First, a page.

It could be fair to say 2016 has been unkind to the District of Columbia. While the rest of the nation debates who to send to Washington, some Washingtonians wonder whether or not they can go to work. After the city’s lackluster response to January’s blizzard left local businesses in the lurch for days, it kicked off summer with a months-long maintenance program aimed at finally stabilizing the region’s deadly and underserviced subway system. This week, downtown businesses and their patrons added one additional item to their infrastructure woes: Pepco, the region’s electricity company.
Monday’s late-night transformer fire near the Farragut North Metro Station has caused a two-days-and-counting headache for local business. Nearly 48 hours after the blaze was put out, Pepco’s customers are still without power, with no recourse but empty reassurances and a sliding goalpost for when normal operations might resume. This magazine is among the impacted entities; the latest update from our building, via the local business district, is that Pepco refuses to commit to a specific time that power will be restored or even to say that it will be back by tomorrow morning.
While the Washington Post’s original report stated “about 100 Pepco customers were without power” in the aftermath of Monday’s fire, this figure does not capture the full implication of the disruption. The affected area includes one of the most heavily trafficked parts of downtown DC and is home to several large and small businesses with, NBC Washington reports, about twelve thousand employees. Without power, tenants have been forced to suspend operations, with little information about when service might be restored. That’s particularly rough news for employees of the many retailers located here - will they be able to make ends meet with fewer hours this month?
Normally, one would expect a situation like this to be treated as a crisis: a measurable share of the city’s labor force out of work, critical infrastructure failing just blocks from the White House. But that is not normal for Washington, D.C. - indeed, the complete lack of shame, the failure to take responsibility for failure is familiar here. This is, after all, a city whose roads look like they have just been bombed and whose subway system is a national disgrace where safety procedures had to be taken under direct federal control due to what one National Transportation Safety Board investigator diagnosed as “a severe learning disability” on safety.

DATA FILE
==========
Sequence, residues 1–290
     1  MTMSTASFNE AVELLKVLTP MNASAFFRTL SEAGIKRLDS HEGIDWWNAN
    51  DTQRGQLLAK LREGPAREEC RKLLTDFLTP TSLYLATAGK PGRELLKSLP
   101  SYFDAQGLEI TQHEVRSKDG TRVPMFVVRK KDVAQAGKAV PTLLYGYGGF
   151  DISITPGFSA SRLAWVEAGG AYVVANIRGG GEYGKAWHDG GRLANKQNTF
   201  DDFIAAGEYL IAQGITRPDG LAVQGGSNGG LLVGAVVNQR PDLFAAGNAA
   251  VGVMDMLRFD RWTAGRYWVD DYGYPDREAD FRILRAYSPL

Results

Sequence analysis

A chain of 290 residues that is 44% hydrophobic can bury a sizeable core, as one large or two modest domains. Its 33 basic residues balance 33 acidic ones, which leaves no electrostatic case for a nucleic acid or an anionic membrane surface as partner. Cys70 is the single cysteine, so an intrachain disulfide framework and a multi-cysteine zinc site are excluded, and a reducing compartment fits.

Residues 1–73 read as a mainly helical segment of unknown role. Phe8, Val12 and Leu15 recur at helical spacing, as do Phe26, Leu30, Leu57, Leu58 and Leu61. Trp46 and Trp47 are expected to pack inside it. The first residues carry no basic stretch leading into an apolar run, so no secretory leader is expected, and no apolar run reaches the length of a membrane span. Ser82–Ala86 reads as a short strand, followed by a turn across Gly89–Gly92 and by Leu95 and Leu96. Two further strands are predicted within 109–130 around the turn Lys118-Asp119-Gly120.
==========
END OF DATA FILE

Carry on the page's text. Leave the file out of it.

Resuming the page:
There is a common thread in these problems: all of these failing enterprises, whether public or private, are compelled to work closely with the District of Columbia’s city government. Since Congress handed over much of its (Constitutionally granted) power to administer D.C.’s affairs in 1973, the city’s mandarins have been synonymous with corruption and ineffectiveness. And they have displayed a constant enthusiasm for quixotic measures to subvert the Founding Fathers’ intentions, whether on statehood or on the right to bear arms. And it may be the same story today: the same city government that cannot make time to take serious action when the core of the business district loses power, when protesters shut down major streets, or when the city’s subways become dangerous has time to exercise Venezuela-style central planning of its utilities, making it more difficult for the utility to pay for measures to make electricity more reliable. The city has also repeatedly tried to interfere in the utility’s merger with a larger energy corporation until it bowed to “clean energy” targets (we use the scare quotes because the larger corporation uses nuclear power, one of the cleanest forms of energy in existence). And so, as we face a potential third day without electricity, should we blame the company - or its meddling city overseers? And as the many tourists from abroad who come through our neighborhood on the way to the National Mall and other world famous landmarks see the shuttered shops and darkened offices, will they ask: is this really the capital of the free world?
Image: Power lines. Photo via Pexels.